Waverly blood drive coordinator Gerry Smith hands reins to Carol Tutenhagen
By Starrla Cray
WAVERLY, MONTROSE, MN “I was under 10 years old when I knew giving blood was very important,” said Gerry Smith, 79, who recently retired as blood drive coordinator in Waverly.
Growing up in Waverly in the 1940s, Smith knew two boys who suffered from hemophilia, a disease that affects the blood’s ability to clot.
“When they needed blood, my dad and neighbors would go to the cities to give,” Smith recalled.
Smith’s first time donating blood was at age 18, and since then, she’s given more than 87 pints.
“Giving blood doesn’t bother me; I actually feel better afterward,” she said.
Smith began volunteering with the blood drive in Waverly decades ago, but she has lost track of how long she’s served as coordinator.
“A woman from my auxiliary unit, Anna Hohag, had been coordinating it previously,” Smith said. “One day, she came over and said it was my turn.”
This year, Smith decided it was time to pass her role to the next person in line her Goddaughter, Carol Tutenhagen.
Tutenhagen, who grew up in Waverly and now lives in Howard Lake, has helped with the blood drive for the past few years.
“I think it’s a really good thing to be involved in,” she said. “It helps a lot of people.”
Waverly and Montrose work together to host two blood drives each year.
“It’s a community effort,” Smith said, listing several organizations that supply food, volunteers, and other supplies. As coordinator, part of Smith’s job was finding people to help, and getting everyone organized.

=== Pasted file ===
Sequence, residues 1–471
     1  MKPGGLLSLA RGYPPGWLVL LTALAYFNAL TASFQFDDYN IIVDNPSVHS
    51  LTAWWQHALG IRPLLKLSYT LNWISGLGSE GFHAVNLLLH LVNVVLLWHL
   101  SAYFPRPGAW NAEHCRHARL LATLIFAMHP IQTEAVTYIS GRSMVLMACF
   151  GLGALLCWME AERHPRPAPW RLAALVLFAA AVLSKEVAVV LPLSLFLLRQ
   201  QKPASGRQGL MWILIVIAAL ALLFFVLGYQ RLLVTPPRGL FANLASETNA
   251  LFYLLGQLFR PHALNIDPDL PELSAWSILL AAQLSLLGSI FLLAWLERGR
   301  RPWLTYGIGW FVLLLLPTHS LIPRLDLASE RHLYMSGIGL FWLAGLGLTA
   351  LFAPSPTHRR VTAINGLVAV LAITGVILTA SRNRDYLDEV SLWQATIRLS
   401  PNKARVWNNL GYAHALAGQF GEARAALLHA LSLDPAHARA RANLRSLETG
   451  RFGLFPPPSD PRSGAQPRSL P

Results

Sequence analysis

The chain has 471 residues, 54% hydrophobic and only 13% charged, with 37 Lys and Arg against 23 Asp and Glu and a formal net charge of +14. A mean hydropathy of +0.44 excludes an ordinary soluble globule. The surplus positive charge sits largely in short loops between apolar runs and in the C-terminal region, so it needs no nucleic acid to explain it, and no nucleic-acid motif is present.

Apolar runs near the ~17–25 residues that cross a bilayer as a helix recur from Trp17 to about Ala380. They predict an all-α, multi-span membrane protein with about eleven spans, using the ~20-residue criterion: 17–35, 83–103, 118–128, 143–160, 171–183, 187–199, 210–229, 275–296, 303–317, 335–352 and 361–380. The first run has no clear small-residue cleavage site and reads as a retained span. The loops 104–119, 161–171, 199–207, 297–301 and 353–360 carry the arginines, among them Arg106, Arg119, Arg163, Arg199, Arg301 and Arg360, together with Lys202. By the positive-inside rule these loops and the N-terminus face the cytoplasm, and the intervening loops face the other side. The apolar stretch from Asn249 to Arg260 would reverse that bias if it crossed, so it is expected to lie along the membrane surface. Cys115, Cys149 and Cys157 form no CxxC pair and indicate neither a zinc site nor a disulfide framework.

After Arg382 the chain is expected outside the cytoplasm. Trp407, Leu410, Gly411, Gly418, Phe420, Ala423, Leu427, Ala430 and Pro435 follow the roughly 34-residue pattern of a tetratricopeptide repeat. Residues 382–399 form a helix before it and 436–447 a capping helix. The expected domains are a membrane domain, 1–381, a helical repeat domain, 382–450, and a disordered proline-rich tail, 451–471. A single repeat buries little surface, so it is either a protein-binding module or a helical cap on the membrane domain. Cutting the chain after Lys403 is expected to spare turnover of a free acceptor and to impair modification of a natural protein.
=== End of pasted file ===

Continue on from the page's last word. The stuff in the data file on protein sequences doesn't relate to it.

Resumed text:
“Of course, the donors are the most important,” she added. “Without them, we wouldn’t be doing this.”
Smith said they ideally like to get at least 100 donors for each drive, but it’s sometimes tough to make that goal. For the July 18 drive at St. Mary’s Fellowship Hall in Waverly, the official goal was 92 units, and they ended up with 81. Seven potential donors were deferred. Common reasons for deferrals include low hemoglobin, cold or flu symptoms, and certain travel or medical conditions.
“Summer is sort of tough, with people on vacation,” Tutenhagen said.
According to the American Red Cross, all types of blood are needed, especially A-, B-, and O-.
Donors should be in good health, at least 17 years old (or 16 with parental consent), and weigh at least 110 pounds.
For a double red cell donation, additional eligibility requirements apply.
Appointments are often made in advance online or via phone, but walk-ins are also welcome.
Blood drive coordinating has become increasingly computer-oriented through the years, which is one reason Smith decided it was time to retire.
“That isn’t my cup of tea,” she said. “It’s good to get other people involved.”
Going forward, Smith still plans to remain active in the blood drive in other ways, however.
“It’s fun; I get to see people I wouldn’t otherwise see unless they come to donate blood,” she said. “I’ve always enjoyed volunteering anything to improve our community.”
The next joint blood drive will be in the wintertime, in Montrose. Current coordinators in Montrose include Rosemary Schultz and Margie Onstott.
“They’ve been doing it longer than I have,” Smith said.